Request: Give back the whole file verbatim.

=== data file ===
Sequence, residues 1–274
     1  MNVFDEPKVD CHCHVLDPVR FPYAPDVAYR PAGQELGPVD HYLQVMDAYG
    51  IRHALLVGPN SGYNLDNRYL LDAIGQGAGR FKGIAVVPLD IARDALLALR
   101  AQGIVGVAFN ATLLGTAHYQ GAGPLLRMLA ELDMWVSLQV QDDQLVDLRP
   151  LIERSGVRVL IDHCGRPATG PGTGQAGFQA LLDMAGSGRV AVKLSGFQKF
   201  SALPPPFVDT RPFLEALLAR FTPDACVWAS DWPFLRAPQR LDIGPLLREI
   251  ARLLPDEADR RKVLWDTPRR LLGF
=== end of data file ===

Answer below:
Sequence, residues 1–274
     1  MNVFDEPKVD CHCHVLDPVR FPYAPDVAYR PAGQELGPVD HYLQVMDAYG
    51  IRHALLVGPN SGYNLDNRYL LDAIGQGAGR FKGIAVVPLD IARDALLALR
   101  AQGIVGVAFN ATLLGTAHYQ GAGPLLRMLA ELDMWVSLQV QDDQLVDLRP
   151  LIERSGVRVL IDHCGRPATG PGTGQAGFQA LLDMAGSGRV AVKLSGFQKF
   201  SALPPPFVDT RPFLEALLAR FTPDACVWAS DWPFLRAPQR LDIGPLLREI
   251  ARLLPDEADR RKVLWDTPRR LLGF